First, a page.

Concert report: Ruby Waters and Aysanabee in Ottawa

[Another concert report from Ottawa correspendants Ross MacDonald (photos) and Karen Coughtrey (text). – AC]

Temperatures were below zero outside but it was hot in Ottawa’s Club Saw as a sold-out crowd packed in to see Ruby Waters and opener Aysanabee Saturday night.

Aysanabee snuck out on the stage to check his set up and returned a few minutes later to begin the night. He received no introduction but clearly didn’t need one as his powerful music immediately grabbed the attention of the waiting audience and had them cheering from the first notes strummed of his single ‘Ocean Breath’. 


Aysanabee is his family name as well as the Oji-Cree word for ‘the people’ and the way his music and his vocals reverberate around any space, works to bring people together in a realization they are experiencing something special.  


The rest of the set was all well received and consisted of new songs or ones from his debut album, Watin, released November 2022, on Ishkōdé Records a new Indigenous and women-owned record label. You know that Aysanabee made it to the big leagues when his label owner, and fellow artist, Amanda Rheaume was handing him drinks and a towel on stage.


Aysanabee plays the guitar and uses a stomp box to add a driving beat to his songs that builds and one can’t help but be taken over by the strong emotions behind the meaningful lyrics of his songs. He showcased his guitar virtuosity with impeccable finger-picking and tapping, then letting the beautiful notes ring out. His music is powerful and possesses a haunting quality that would hang in the air in the time between artists. 


Aysanabee captivated the audience but Ruby Waters really brought the crowd to life when she took the stage for the second part of the night. It was as if everyone in attendance found a second wind as a new energy took over the packed space. 

The first few songs were well received but the crowd really came alive on recent single ‘Harder’ singing loudly along to the chorus which would continue through ‘Blood Thinner’ and into newest single ‘Heather.’

Ruby Waters

Ruby’s music is hard to pin down genre wise and she’s mentioned influences from classic rock (Led Zeppelin) to more modern urban musical artists (Rihanna). She comes from a musical family with country music roots; her music is undeniably rock but with a jazzy R&B sound to some of the vocals but one thing that is undebatable is that her husky voice is beautiful and raw, and her lyrics have a sense of honest reality to them that, if tonight’s audience was any indication, are relatable to many.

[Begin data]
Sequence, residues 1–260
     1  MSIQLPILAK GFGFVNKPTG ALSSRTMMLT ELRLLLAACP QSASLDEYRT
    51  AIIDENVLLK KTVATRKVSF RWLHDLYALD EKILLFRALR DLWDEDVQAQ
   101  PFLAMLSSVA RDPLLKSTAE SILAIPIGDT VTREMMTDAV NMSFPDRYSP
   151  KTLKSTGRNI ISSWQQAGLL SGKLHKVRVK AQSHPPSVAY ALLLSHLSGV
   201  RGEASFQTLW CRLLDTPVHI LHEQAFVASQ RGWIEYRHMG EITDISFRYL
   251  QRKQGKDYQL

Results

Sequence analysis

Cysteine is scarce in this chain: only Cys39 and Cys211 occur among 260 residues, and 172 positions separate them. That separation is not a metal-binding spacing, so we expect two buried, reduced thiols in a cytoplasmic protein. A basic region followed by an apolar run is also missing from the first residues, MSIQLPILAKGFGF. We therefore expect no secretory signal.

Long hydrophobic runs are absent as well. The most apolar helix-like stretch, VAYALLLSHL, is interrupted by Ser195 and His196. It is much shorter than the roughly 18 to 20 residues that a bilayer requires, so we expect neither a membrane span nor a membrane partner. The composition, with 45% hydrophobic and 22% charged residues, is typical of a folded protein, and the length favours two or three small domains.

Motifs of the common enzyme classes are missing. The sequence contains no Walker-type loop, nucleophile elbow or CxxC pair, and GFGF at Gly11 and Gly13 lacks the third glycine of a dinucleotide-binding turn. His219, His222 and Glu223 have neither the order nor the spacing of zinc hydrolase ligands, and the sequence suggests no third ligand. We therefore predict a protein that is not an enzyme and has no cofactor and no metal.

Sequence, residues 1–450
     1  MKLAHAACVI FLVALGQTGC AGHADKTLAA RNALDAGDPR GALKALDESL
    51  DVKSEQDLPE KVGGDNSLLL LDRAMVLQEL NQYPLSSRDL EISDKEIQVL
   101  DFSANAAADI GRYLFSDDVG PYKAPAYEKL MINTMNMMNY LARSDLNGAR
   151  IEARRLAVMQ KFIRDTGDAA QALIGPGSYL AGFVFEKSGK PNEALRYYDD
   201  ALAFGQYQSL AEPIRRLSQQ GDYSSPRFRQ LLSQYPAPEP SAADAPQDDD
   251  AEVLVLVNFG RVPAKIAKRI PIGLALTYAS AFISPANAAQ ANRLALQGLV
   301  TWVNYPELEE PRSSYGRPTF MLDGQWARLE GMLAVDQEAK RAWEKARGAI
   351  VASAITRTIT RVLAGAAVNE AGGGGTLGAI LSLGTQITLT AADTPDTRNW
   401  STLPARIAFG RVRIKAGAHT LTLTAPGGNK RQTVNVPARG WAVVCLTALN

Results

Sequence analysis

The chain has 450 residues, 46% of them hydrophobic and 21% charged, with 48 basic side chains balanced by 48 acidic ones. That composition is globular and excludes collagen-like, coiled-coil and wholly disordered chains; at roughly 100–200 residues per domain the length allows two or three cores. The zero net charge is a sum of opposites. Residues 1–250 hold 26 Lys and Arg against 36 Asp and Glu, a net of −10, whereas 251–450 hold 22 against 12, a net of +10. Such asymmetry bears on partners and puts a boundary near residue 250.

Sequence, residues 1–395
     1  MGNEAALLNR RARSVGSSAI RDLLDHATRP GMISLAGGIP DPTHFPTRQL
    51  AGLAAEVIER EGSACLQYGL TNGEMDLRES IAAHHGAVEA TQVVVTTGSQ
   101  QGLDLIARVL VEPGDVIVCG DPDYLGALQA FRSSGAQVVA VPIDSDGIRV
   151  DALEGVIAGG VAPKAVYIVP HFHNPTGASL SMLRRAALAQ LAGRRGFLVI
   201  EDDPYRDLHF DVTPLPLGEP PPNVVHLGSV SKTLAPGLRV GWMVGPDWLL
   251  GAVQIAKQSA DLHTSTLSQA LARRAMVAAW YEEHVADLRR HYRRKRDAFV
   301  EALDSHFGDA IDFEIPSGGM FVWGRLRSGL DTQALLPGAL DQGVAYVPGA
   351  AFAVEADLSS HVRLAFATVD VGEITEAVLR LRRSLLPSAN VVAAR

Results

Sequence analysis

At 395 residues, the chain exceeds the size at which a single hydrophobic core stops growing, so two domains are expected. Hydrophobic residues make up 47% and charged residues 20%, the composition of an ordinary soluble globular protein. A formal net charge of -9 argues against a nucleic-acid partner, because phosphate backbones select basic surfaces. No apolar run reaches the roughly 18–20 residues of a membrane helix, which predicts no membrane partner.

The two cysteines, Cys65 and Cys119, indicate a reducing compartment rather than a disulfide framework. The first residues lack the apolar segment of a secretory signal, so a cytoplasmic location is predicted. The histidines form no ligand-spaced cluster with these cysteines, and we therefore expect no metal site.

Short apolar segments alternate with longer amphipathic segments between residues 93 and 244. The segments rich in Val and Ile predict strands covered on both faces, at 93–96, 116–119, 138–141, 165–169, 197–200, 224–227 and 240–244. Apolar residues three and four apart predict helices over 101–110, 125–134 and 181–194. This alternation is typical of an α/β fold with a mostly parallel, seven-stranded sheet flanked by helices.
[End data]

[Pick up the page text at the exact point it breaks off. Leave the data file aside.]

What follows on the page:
Ruby Waters

Ruby took an acoustic break mid-set which gave her band a much-needed break. Many of the songs throughout the evening allowed her band to showcase their exceptional musical talents. This crowd in Ottawa was treated to her producer Sam Willows subbing in for her regular bass player, and they were joined by guitarist Marcus Ramsay and drummer Stu Mein. 

The set was a mix of energetic numbers that had the crowd shouting along like ‘Rabbit Hole’ interspersed with mellower songs like ‘Sweet Sublime’ that would see the crowd gently waving their hands in the air while the lighting effects would create a rotating starry night on the venue’s low ceiling thanks to the disco ball. 

Ruby treated her adoring crowd to an encore playing one of her earliest hits ‘Supernatural’. Of course, the crowd sang loudly along at her request and they would be treated to her getting off the stage and lowering herself among them to sing the song ending the night on a truly special note for a crowd that was clearly enamored with this rising young Canadian talent. 

Ruby Waters

Aysanabee – vocals, guitar, stomp box

Ruby Waters – vocals, guitar

Marcus Ramsay – guitar

Stu Mein – drums

Sam Willows – bass

Alan Cross

is an internationally known broadcaster, interviewer, writer, consultant, blogger and speaker. In his 40+ years in the music business, Alan has interviewed the biggest names in rock, from David Bowie and U2 to Pearl Jam and the Foo Fighters. He’s also known as a musicologist and documentarian through programs like The Ongoing History of New Music.

Alan Cross has 38403 posts and counting. See all posts by Alan Cross

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